• bay leaf (optional)
  • salt and pepper to taste
  • About 1.5 cups coconut milk (or milk from two coconuts)

Mix into pot. Cook six to 10 minutes until boiling and thickened. If you’re using smaller shrimp, reduce time by a few minutes in order to not overcook them.

Serve over rice.

Rebecca Standen cooks at home.Rebecca cooks an evening meal.

Living off the grid: Last year, I spent weekends with a host family in the city. There, we had water and electricity (most of the time). During the week, however, I lived in a rural community (Capinga) with a few of my Mozambican colleagues so we could be closer to the communities where we worked. There was no electricity or running water in the village, so we had to get water from a hand-pump well a couple of kilometres away.

We were fortunate. Since we had motorcycles, we could go fill up 25-litre cans of water and bring them back to our house to use. Everyone else in the village brought their dishes and clothes down to the well or the river to wash. Unlike other women in the community, my colleague and I could bathe in the outdoor bathroom (which had walls but no roof) by our house, instead of going to the well. It's a different perspective to realize you are privileged because it only takes 10 minutes there and back on a motorcycle to get another jug of water.

I loved spending the weeks out in Capinga. In the city, whenever the power went out, I would get annoyed, thinking of all the important things I wanted to do that needed electricity... going on Facebook, blogging, boiling water in the kettle, watching soap operas with my family. But in Capinga, there never was electricity, yet the evening hours passed easily.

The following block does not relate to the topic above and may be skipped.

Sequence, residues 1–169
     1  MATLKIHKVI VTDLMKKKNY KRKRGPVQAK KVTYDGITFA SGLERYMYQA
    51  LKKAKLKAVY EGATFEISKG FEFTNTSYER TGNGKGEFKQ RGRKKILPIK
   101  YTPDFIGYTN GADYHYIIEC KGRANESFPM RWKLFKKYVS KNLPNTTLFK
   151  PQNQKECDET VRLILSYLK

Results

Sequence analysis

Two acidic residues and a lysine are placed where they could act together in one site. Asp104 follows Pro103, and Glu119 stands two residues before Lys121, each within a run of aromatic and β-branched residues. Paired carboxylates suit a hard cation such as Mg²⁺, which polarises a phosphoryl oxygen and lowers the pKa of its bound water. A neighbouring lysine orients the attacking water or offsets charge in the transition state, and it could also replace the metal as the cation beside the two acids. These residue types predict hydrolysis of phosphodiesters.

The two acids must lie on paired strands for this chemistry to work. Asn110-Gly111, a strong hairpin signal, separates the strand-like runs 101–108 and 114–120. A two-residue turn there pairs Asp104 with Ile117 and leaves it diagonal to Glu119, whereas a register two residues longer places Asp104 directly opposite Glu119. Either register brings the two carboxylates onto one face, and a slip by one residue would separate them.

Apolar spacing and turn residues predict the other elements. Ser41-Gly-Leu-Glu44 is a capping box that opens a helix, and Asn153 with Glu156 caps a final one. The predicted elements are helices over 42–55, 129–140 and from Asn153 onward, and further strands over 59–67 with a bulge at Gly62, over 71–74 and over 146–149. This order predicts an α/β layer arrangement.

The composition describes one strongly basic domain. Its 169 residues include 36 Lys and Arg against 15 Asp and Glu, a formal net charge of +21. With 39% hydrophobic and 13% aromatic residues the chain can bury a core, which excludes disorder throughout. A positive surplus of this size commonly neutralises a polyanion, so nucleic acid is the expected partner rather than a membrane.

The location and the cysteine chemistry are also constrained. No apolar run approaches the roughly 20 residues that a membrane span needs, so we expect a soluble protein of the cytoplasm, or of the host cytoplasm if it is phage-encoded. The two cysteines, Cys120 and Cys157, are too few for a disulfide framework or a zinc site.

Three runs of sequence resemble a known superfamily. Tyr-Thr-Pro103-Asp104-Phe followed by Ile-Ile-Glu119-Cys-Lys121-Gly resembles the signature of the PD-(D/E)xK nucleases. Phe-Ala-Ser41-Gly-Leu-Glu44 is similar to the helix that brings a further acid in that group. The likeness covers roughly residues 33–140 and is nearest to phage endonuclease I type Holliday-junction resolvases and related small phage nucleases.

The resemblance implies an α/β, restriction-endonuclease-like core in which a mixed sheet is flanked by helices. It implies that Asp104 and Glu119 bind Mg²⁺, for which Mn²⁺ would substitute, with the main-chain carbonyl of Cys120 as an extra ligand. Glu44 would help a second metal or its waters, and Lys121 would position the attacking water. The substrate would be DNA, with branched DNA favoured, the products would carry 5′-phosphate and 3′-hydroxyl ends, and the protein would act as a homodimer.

On faith: My assignment in Mozambique as a three-year service worker with MCC and my previous assignment in Cambodia in 2012-2013 (through MCC’s Serving and Learning Together Program) have both impacted my faith in very different ways. In Cambodia, I was living with a Buddhist host family. There was no church nearby where I was living, and the church I did get to every month or so was in Khmer language. There, I knew I had to be disciplined, and though Christian community is vital in the long run, for the short time I was there, I grew immensely spiritually. I knew what it was to rely on God for everything. In Mozambique, it has been a different journey. I go to a United Baptist Church with my host family. I can understand most of the songs we sing. In some ways it has been more challenging to grow spiritually here because I can check those things off a list (prayed with my small group, sang songs in church, etc.) but neglect to set aside meaningful quiet times. But then I remember that those quiet times are equally important, and I pull out my journal again.


Finding spiritual sustenance: There are many things that I rely on, for example journaling, special verses my grandmother has shared with me, time alone walking or bird watching, music and so on. The thing I've come to learn over the past couple years though is the way I receive sustenance doesn't have to stay the same. Things I used to think I needed to stay strong spiritually, I just don't have here (like going for walks somewhere where there are no people). But I've come to discover and appreciate other things instead. The source of my daily bread is the same, but the way I get it looks different now.